Figure 1 shows that after adjustment for the fixed variables of sex, HIV exposure group, region of Europe, time-updated variables, HBsAg and HCV antibody status, smoking status, hypertension, year of follow-up, CD4 cell count and starting cART, there remained a higher rate of AIDS events in individuals with a viral load between 500 and 9999.9 copies/ml compared with a viral load of less than 500 copies/ml [incidence rate ratio (IRR) 1.44, 95% CI 1.02–2.05, P = 0.03]. Individuals with a viral load of at least 10 000 copies/ml had almost a four times significantly higher rate of AIDS events than those with a viral load of less than 500 copies/ml (IRR 3.91, 95% CI 2.89–5.89, P < 0.0001). For non-AIDS events, after adjustment for fixed variables HIV exposure group, region of Europe, time updated variables peak viral load, CD4 cell count, age, HBsAg and HCV antibody status, diabetes, hypertension, smoking status, prior AIDS and started cART, there was a 61% (IRR 1.61, 95% CI 1.21–2.14, P = 0.001) and 66% (IRR 1.66, 95% CI 1.17–2.34, P = 0.004) higher incidence of non-AIDS events in individuals with a viral load between 500 and 9999.9 copies/ml and at least 10 000 copies/ml, respectively, compared with a viral load of less than 500 copies/ml. This increase was seen particularly after adjustment for age, region of Europe and whether or not the individual had started cART. Adjusting for current use of cART, rather than cART experience, reduced the association, but there was still a significantly higher incidence of non-AIDS events in individuals with a viral load between 500 and 9999.9 copies/ml (IRR 1.56, 95% CI 1.16–2.08, P = 0.002) and at least 10 000 copies/ml (IRR 1.58, 95% CI 1.10–2.30, P = 0.01) compared with a viral load of less than 500 copies/ml. The association with AIDS events and higher viral load was consistent after adjusting for current use of cART (data not shown).
The effect of viral load on the incidence of NADM, CVD, liver-related and pancreatitis events was investigated separately, as more than 30 events were observed for each of these specific non-AIDS events (Fig. 2). A marginally higher incidence of CVD was observed in individuals with a viral load between 500 and 9999.9 copies/ml (IRR 1.65, 95% CI 1.03–2.66, P = 0.03); however, this was not observed in those with a viral load of at least 10 000 copies/ml (IRR 1.00, 95% CI 0.50–2.02, P = 0.99) compared with individuals with a viral load of less than 500 copies/ml. For NADM, liver-related and pancreatitis events, no significant differences in incidence were observed across the viral load strata.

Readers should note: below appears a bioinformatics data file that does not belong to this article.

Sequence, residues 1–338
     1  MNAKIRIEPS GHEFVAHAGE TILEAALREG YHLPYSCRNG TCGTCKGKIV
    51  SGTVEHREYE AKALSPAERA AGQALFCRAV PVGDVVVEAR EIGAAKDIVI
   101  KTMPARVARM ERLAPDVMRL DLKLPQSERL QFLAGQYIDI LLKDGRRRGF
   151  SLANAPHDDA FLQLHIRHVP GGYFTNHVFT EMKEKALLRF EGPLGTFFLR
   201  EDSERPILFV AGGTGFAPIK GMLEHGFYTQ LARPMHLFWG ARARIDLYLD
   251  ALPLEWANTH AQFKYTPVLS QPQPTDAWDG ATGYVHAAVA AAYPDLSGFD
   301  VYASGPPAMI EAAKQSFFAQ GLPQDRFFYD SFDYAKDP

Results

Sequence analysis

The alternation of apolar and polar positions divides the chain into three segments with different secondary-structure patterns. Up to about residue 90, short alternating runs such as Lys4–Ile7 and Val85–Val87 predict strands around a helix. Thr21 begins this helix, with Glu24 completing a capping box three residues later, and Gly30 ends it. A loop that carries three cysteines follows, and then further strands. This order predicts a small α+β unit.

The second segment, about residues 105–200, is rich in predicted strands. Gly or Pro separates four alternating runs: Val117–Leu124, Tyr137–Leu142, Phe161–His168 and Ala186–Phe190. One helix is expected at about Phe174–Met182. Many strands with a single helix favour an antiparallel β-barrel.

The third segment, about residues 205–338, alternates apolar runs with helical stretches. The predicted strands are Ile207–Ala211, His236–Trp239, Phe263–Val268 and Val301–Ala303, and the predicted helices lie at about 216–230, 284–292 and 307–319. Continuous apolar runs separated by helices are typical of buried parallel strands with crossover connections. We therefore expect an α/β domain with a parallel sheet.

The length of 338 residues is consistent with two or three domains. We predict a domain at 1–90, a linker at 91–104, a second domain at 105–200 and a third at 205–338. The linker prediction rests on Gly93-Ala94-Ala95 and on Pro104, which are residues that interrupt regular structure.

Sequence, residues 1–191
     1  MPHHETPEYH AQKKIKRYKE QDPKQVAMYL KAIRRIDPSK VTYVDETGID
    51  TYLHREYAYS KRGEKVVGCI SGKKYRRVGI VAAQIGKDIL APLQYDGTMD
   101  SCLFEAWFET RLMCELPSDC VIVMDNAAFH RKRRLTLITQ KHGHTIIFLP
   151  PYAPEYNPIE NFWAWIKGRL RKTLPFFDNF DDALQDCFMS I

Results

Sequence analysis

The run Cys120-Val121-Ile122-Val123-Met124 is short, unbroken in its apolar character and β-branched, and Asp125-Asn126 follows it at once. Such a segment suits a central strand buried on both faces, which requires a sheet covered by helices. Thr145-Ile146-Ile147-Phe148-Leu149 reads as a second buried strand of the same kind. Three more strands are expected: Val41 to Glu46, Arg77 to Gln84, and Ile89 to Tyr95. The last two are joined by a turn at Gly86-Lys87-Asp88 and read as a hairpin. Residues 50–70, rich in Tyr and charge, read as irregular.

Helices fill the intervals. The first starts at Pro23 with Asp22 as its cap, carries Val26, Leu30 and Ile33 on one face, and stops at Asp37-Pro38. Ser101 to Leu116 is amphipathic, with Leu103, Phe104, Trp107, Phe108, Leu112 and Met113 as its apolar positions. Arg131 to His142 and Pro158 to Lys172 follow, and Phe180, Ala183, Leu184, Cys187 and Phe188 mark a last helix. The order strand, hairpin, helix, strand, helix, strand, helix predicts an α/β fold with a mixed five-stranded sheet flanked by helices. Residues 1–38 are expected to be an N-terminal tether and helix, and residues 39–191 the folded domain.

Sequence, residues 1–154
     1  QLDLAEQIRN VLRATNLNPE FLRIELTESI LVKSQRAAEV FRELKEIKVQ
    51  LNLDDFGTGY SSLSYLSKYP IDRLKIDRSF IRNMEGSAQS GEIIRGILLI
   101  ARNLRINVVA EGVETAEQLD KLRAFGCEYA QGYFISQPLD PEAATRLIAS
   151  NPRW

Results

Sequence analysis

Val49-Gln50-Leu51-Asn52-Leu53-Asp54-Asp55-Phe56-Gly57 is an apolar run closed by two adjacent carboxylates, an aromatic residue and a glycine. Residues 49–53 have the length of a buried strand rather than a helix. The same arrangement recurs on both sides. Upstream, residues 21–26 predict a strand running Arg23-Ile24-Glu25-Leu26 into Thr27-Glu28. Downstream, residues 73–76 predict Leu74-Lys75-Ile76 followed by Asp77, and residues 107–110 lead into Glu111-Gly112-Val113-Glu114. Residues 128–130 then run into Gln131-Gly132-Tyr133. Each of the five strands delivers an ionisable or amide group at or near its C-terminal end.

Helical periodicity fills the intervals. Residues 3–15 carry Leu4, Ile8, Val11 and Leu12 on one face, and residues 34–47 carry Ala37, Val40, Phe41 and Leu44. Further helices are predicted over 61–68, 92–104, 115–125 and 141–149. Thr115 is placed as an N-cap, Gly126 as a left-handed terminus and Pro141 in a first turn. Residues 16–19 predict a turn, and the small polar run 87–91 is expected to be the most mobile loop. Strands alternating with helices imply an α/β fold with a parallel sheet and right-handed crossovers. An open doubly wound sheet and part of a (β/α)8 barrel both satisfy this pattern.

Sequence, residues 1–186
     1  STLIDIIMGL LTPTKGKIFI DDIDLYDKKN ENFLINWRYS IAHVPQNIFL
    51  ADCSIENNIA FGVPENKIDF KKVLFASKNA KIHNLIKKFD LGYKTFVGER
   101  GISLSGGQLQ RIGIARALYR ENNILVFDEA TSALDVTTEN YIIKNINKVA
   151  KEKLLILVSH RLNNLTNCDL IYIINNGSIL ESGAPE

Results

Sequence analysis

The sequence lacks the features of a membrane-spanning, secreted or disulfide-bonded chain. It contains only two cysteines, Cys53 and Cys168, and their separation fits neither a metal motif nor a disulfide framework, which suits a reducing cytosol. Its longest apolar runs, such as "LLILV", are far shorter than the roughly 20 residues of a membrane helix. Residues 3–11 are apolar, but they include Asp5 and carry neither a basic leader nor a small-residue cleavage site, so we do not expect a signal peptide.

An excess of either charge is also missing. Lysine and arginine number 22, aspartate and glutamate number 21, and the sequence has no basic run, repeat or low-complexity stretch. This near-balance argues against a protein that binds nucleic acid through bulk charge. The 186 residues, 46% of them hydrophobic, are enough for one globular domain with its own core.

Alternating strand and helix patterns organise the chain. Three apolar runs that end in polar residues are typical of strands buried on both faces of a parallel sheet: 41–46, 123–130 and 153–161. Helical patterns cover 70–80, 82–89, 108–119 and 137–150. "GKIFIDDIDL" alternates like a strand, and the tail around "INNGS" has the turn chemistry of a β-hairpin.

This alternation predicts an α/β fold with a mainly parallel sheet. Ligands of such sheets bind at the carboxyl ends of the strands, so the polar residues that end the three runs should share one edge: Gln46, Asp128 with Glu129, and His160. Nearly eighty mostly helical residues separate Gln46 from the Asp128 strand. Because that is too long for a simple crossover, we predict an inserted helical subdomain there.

Figure 3 shows the effect of viral load on the incidence of each endpoint across different CD4 cell count strata. Compared with individuals with a CD4 cell count between 350 and 499 cells/μl, a nonsignificant lower rate of AIDS events was observed in individuals with a CD4 cell count between 500 and 749 cells/μl (IRR 0.88, 95% CI 0.70–1.12, P = 0.31) and at least 750 cells/μl (IRR 0.76, 95% CI 0.54–1.05, P = 0.09) after adjusting for other factors including viral load. For non-AIDS events, no association was found between current CD4 cell count and risk of a non-AIDS events, there was no significant difference in incidence rate between individuals with a current CD4 cell count between 350 and 499 cells/μl and those with a CD4 cell count between 500 and 749 cells/μl (IRR 1.01, 95% CI 0.84–1.22, P = 0.92) or at least 750 cells/μl (IRR 0.98, 95% CI 0.79–1.23, P = 0.89). For both of the endpoints, the effect of viral load was independent of CD4 cell count, with a test for interaction P value of 0.10 for AIDS events and 0.69 for non-AIDS events.
In HIV-positive individuals with a CD4 cell count of more than 350 cells/μl, we observed an association with uncontrolled viral replication, and a higher incidence of fatal and nonfatal AIDS events and a slightly increased incidence of fatal and nonfatal non-AIDS events. The higher incidence of AIDS events was observed in individuals in both crude and adjusted analysis. However, the increased incidence of non-AIDS events was only apparent after adjustment, particularly for age, region of Europe and whether or not the individual had started cART. In addition, no differences were observed between intermediate and high viral replication and the incidence of non-AIDS events.
Early studies investigating the prognostic effect of viral load on clinical progression to AIDS demonstrated the association with higher viral replication and an increased risk of the development of AIDS events [13,14]; this finding was consistent even in HIV-positive individuals with high CD4 cell counts [15,16] and this study supports these findings in patients with CD4 cell counts of more than 350 cells/μl. The association we found between viral replication and the incidence of AIDS events appears to be almost linear and was independent of current CD4 cell count.